GAMAL ABDEL NASSER’S actual objectives in Africa become clearer as the pattern of events there unfolds. He wants to enlist the new African governments as members of the neutralist bloc. He wants to acquire influence through common bonds of religion and of aversion to “imperialism.” He wants to be the leading Arab spokesman in Africa.
The disastrous polarization resulting from the struggle in the Congo has forced on Nasser a choice in favor of Lumumba’s heirs and against the moderates still under Western influence. At the outset of the struggle, Nasser had implicit faith in UN efforts to neutralize the situation until a central government could be established. He backed Secretary Dag Hammarskjold, urged Patrice Lumumba to trust him, and is also on record as urging Lumumba not to accept Soviet aid. In this period, the neutralists still hoped to keep the Cold War out of Africa. Nasser, among them, counted on the United Nations to achieve this. His own experience with the United Nations during the aftermath of the Suez crisis in 1956 had convinced him of its value as a court of appeal and a conciliating agency. This basic confidence has been badly shaken in recent months in the Congo.
What shook Nasser and other neutralists was the apparent support for Katanga leader General Mobutu from Western powers, including certain U.S. government agencies, and the belief that such support was at least tolerated at UN headquarters in New York. Having urged moderation and cooperation on the Lumumba forces up to the time of the imprisoned leader’s fateful transfer to Katanga, Nasser decided that he had been betrayed as a participant in the UN forces. This sense of betrayal had been freely expressed by official spokesmen in Cairo long before Nasser attacked the American role late in February.
Spokesman for the Arabs
These developments explain many recent diplomatic initiatives designed to reassert the neutralists’ role in African affairs independently of the United Nations. One such effort was at Casablanca in January. At that session, the previous decision of the participants to withdraw their troops from the UN forces was dramatized. Even on this issue, extremists like Sekou Toure of Guinea could not agree with Nkrumah of Ghana on the withdrawals or on Nasser’s proposal to transfer their forces to the Lumumba side.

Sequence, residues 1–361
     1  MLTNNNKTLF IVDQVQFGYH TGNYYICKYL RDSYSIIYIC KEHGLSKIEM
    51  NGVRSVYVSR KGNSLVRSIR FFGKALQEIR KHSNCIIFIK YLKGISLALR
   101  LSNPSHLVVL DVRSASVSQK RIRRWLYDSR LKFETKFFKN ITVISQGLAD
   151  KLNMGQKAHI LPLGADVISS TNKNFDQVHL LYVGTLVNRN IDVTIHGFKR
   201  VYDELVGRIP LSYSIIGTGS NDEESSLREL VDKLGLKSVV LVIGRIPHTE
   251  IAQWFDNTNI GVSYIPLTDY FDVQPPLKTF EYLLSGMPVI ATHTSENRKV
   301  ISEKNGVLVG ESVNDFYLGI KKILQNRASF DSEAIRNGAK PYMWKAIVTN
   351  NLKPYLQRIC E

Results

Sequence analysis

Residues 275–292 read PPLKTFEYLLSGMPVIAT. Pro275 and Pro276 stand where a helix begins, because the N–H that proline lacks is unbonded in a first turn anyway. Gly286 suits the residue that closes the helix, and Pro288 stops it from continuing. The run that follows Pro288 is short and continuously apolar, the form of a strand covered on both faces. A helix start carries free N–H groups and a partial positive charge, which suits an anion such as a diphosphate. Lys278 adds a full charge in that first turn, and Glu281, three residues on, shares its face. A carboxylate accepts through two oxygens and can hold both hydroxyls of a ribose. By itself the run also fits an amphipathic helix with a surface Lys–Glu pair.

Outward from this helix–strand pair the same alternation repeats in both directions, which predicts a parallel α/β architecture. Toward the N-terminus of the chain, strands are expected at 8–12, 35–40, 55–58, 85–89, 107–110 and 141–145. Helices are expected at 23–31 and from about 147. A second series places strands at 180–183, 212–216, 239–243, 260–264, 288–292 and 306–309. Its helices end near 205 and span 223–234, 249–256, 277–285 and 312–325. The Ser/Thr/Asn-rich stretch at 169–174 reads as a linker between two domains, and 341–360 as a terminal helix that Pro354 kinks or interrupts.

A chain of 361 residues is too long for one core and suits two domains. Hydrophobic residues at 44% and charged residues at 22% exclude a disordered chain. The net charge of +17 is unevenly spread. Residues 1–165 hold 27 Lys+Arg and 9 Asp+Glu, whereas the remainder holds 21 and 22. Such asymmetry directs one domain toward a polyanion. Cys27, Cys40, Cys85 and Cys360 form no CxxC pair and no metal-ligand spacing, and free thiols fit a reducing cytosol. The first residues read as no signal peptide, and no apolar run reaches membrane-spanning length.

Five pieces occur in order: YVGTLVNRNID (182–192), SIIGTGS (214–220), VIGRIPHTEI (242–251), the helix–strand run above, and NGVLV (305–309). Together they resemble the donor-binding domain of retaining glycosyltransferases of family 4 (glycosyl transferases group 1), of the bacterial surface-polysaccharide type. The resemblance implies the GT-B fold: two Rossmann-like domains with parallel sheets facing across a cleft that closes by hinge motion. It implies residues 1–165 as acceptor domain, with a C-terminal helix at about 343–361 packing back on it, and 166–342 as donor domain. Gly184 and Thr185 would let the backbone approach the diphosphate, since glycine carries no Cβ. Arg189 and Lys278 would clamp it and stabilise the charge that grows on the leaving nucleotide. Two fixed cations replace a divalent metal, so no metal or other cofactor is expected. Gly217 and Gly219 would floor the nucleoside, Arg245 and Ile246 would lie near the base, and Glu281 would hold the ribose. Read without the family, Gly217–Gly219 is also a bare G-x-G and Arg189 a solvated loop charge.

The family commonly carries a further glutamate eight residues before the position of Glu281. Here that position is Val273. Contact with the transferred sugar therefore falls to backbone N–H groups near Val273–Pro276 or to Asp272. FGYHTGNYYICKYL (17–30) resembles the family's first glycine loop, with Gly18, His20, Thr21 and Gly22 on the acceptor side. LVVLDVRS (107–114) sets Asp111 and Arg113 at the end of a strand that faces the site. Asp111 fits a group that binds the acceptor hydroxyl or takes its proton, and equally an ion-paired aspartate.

The only agreements possible were on a nebulous plan for a joint African high command, which would include the chiefs of staff of independent African states, and on a NATO-style African defense organization. Nasser’s one real triumph was to push through a resolution condemning Israel as a tool of imperialism in Africa and France for its nuclear tests in the Sahara.
At Casablanca, as at Bandung, Nasser was reasserting his role as spokesman for the Arabs to a new and important audience. Israeli penetration of Africa, in every field from trade to the distribution of bogus Korans, has become a fresh challenge to the Arab world. The argument is simple: Israel is a country living on Western gifts and loans. Its ventures in new areas, such as Africa, with capital and technical aid must therefore suit its creditors, particularly the United States and France, with which its ties are closest. This proves the “imperialist” motive sufficiently for any Egyptian, Syrian, or Iraqi. When Nasser attacks on this ground, he speaks for all of them. Thus, in his new role in African affairs, he salvages prestige which he has been losing within the Arab states.
Israel’s new imperialism
The efficiency of Israel’s technical aid missions in such countries as Ghana, Nigeria, and Guinea is characteristic of its centrally planned efforts to win abroad the friends it has failed to make nearby. It has come as a shock to Arab leaders to discover that this Israeli success is a direct result of Israel’s one great gain from the Suez venture. That gain was the opening of the passage through the Gulf of Aqaba, giving Israel access to the East. As a result, Israel’s port of Elath at the head of the gulf assumed more than symbolic importance and made commerce with Africa and the East possible.